Payment Methods

OCBC Launches Android Keyboard For P2P Payments

Singapore-based OCBC Bank has reportedly rolled out an Android-based keyboard enabling users to make peer-to-peer (P2P) payments.

According to a report in Finextra, the keyboard is designed to allow P2P payments while a user is in any mobile app or on a mobile browser. Consumers download the keyboard app and, once it’s set up, tap on the OCBC Pay Anyone tab from any app, including Facebook, Instagram or Whatsapp, among others.

Users can also make payments through the OCBC Android keyboard app without leaving a browser, noted the report, and can send money to anyone in the country with a bank account by using a mobile phone number. Users choose recipients from their contact lists to facilitate the payment.  

“With OCBC Keyboard, we are embedding payments in our customers’ lives and making it completely frictionless for them to pay while they go about everyday tasks like chatting on Whatsapp, sending emails, buying items on Carousell or browsing the internet,” said Aditya Gupta, head of Singapore eBusiness for the OCBC, in a statement. “I’m confident that this added convenience will exponentially increase the adoption and usage of ePayments, including PayNow transfers.”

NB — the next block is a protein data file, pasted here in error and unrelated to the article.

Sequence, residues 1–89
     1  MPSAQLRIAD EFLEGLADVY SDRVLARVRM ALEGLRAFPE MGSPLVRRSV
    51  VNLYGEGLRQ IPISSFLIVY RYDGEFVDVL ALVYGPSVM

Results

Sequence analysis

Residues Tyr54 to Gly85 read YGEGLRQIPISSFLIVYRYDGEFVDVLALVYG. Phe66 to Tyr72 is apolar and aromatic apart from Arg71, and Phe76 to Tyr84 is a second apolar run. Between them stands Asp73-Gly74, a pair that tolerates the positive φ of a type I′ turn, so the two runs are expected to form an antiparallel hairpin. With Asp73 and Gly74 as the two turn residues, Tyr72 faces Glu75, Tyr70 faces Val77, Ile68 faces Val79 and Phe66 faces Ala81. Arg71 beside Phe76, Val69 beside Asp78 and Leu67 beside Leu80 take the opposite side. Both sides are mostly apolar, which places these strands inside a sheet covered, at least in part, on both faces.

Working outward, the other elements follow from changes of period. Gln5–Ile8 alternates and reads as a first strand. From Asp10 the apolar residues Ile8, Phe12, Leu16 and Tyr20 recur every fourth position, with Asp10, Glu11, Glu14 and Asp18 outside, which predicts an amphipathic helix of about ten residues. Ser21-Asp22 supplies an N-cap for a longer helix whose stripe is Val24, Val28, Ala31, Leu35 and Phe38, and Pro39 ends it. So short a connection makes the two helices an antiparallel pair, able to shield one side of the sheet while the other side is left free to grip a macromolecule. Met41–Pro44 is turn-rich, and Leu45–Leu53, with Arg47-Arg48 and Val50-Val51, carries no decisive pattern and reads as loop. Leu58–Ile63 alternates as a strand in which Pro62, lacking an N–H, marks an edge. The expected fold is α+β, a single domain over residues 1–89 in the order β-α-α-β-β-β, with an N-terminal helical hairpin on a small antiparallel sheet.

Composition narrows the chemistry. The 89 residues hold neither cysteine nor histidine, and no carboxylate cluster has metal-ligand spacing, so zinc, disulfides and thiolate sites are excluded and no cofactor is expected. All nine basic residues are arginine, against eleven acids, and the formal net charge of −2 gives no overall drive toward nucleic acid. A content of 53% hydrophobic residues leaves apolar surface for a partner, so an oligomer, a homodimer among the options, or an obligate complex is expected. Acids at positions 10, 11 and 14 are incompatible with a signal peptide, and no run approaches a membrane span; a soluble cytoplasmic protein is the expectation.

This isn’t the first time the bank has innovated with new technology. Last fall, OCBC claimed to be the first Asian bank to enable voice transactions via Apple’s Siri and in-app with iMessage. According to a report at the time, OCBC Bank said Siri and iMessage services for OCBC’s Pay Anyone P2P mobile app are available to customers using iPhone devices running the iOS 10 software.

To send money using Siri, a user activates the virtual assistant with a voice command, saying the name of the recipient from his or her contact list to whom he or she would like to send money as well as the amount to send. On iMessage, sending payments happens in-app through the conversation screen. There is no interruption to the group chat, noted the report.


Featured PYMNTS Study: 

With eyes on lowering costs to improving cash flow, 85 percent of U.S. firms plan to make real-time payments integral to their operations within three years. However, some firms still feel technical barriers stand in the way. In the January 2020 Making Real-Time Payments A Reality Study, PYMNTS surveyed more than 500 financial executives to examine what it will take to channel RTP interest into real-world adoption. Here’s what we learned.